VA vs. FHA loans, a comparison

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Ask a Lender
July 21, 2017 | Updated September 21, 2017


Key Points

Getting a mortgage through the VA and FHA

  • The FHA and VA loan-guarantee programs provide government support for home mortgages.
  • The VA program is only open to eligible members of the U.S. armed forces, veterans and sometimes their spouses.
  • The FHA requires a minimum 3.5 percent down payment.
  • Borrowers using the VA program can finance the entire amount of the loan.

Federal Housing Administration (FHA) and U.S. Department of Veterans Affairs (VA) loans are the two most widely-used government loan programs.

The programs are alike in some ways. A government agency is backing the loan, enabling lenders to make these loans widely available to qualifying borrowers, and at a reasonable cost.

The FHA and VA don’t lend out the money directly. You apply for a VA or FHA loan through an approved lender, which funds the loans and ensures that you meet the program’s guidelines.

VA and FHA mortgage loans differ in many ways, however.

Major differences

The first major difference involves eligibility. Whereas FHA loans are open to all borrowers, VA loans only are only open to members of the U.S. armed forces, qualifying veterans and, in some cases, the spouses of deceased veterans. VA loans are a special perk that was created as part of the GI Bill during World War II.

Before you can be approved for a VA loan, you’ll need a certificate of eligibility from the agency.

VA eligibility typically depends on your length of service, which can vary significantly depending on the era of your service. In most cases, the spouses of deceased veterans must have remained unmarried to qualify for a VA loan.

A VA loan offers has some special advantages. It is one of only two government guarantee programs that offer 100 percent financing. This means you won’t have to pony up a down payment, which is what often proves to be the greatest hurdle for new homebuyers.

By contrast, FHA requires borrowers to put a minimum of 3.5 percent down on the home.

Comparing fees

FHA and VA also carry different insurance costs. FHA charges borrowers an upfront mortgage insurance fee when the loan closes, and an annual insurance premium that you typically must pay for the entire duration of the loan. The upfront insurance fee can be added to the loan or paid in its entirely in cash when the loan closes. The annual insurance fee is divided into 12 monthly installments. FHA charges these fees to protect lenders in the event your loan defaults, and also to cover the administrative costs of running the loan program.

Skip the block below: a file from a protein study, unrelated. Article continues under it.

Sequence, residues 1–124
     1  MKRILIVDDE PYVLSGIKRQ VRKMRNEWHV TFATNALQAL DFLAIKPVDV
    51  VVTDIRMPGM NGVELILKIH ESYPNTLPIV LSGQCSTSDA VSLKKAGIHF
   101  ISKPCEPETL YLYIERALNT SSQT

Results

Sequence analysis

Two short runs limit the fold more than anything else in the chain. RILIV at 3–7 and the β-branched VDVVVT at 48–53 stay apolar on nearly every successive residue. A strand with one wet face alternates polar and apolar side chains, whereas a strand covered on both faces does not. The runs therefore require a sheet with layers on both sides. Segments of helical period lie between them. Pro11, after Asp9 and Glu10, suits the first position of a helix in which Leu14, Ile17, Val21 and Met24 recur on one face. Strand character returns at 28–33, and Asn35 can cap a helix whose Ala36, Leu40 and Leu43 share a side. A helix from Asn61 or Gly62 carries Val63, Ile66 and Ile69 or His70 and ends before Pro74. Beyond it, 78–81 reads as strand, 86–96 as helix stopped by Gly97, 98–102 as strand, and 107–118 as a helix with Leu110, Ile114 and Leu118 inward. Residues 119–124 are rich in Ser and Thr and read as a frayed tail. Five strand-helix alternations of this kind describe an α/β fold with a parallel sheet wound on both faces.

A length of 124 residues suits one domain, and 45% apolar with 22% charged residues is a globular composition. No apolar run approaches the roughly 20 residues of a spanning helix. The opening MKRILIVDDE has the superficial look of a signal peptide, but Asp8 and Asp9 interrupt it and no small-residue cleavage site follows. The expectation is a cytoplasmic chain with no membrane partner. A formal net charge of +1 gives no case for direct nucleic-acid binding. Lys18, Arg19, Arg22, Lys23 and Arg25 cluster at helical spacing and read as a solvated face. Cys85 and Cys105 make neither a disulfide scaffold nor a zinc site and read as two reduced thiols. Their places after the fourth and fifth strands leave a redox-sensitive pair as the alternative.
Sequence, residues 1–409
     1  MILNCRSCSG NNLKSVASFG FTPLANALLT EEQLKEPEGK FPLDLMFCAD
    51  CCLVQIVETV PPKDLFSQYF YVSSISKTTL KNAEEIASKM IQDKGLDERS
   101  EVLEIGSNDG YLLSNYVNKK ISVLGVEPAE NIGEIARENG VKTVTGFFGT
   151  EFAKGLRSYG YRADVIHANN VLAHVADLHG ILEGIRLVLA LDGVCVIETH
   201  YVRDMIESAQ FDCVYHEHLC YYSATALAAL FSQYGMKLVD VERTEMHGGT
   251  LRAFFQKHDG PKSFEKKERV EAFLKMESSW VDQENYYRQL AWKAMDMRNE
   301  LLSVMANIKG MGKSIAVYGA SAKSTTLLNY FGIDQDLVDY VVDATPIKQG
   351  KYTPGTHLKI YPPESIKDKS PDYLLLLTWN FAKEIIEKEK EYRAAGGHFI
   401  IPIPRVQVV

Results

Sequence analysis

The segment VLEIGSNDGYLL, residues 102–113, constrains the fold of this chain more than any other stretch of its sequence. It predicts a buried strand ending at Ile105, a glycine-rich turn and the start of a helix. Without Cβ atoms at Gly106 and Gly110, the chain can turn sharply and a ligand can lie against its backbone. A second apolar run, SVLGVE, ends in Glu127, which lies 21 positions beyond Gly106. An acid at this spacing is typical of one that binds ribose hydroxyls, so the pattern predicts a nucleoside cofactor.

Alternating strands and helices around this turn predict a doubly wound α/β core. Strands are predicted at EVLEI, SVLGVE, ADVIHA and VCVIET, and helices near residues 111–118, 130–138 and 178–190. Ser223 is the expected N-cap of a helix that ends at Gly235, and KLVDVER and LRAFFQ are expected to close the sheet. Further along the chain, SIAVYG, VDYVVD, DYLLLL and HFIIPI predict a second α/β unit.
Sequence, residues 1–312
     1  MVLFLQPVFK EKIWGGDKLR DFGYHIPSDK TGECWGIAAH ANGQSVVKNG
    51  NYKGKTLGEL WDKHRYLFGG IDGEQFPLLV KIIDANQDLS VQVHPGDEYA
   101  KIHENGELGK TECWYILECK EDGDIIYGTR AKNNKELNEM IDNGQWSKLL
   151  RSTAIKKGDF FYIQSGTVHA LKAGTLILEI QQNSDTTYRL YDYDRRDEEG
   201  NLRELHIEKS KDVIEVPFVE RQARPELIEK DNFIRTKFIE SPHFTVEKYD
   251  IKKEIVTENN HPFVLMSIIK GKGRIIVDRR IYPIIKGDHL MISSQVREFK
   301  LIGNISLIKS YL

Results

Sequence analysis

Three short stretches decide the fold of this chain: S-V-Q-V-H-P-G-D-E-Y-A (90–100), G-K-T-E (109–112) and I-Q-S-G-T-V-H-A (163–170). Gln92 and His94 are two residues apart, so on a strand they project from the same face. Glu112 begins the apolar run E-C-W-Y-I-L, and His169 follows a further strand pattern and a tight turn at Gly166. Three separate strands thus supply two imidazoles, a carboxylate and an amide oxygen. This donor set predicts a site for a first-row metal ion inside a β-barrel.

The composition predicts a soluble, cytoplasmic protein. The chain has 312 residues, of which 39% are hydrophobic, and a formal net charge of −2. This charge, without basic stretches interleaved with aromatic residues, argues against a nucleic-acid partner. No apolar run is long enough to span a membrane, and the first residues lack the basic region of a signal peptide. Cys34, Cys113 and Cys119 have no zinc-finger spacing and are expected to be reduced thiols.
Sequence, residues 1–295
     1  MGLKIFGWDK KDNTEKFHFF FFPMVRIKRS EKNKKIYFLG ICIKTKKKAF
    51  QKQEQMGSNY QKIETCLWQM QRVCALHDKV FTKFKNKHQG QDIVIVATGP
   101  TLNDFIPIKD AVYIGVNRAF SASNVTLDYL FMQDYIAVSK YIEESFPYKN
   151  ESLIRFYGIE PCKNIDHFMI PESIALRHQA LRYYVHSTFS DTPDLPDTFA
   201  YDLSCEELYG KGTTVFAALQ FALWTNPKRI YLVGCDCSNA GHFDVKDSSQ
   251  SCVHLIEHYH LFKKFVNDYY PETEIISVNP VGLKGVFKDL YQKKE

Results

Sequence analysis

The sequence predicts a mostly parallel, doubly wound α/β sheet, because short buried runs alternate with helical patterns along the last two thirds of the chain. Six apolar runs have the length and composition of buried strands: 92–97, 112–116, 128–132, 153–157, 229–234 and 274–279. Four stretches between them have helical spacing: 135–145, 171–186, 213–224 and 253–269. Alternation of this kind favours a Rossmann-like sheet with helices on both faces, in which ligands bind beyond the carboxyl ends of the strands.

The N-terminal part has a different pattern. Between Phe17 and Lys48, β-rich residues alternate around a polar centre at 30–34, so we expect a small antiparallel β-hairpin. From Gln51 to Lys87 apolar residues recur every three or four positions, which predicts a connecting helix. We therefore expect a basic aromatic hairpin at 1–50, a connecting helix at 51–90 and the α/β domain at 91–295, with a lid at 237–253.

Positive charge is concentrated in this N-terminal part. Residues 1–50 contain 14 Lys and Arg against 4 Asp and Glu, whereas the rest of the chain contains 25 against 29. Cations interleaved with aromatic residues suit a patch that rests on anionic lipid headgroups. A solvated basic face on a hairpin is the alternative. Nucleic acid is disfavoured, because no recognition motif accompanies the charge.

By contrast, VA does not require borrowers to carry annual mortgage insurance, but does charge what is known as an upfront funding fee. This funding fee goes to the VA directly to cover the losses on any loans that default in the program.

The VA funding fee amount can vary. The amount you pay depends on a number of factors, such as whether you are in the regular military or in the reserves, the size of your down payment and whether you have used the VA benefit before. The VA funding fee tends to be more than the FHA upfront mortgage insurance fee.

Since you will not have to pay annual mortgage insurance premium, the overall insurance costs of a VA loan will be significantly lower than with an FHA loan. The VA funding fee can be added into the loan. Also, the home seller has the option of paying the funding fee. The fee also can be waived for certain qualifying veterans with disabilities.

One disadvantage to the VA program is that it tends to be a harder loan to obtain than an FHA loan. FHA loans tend to have more flexible guidelines, enabling borrowers with lower credit scores and with a higher debt load to qualify for a loan.

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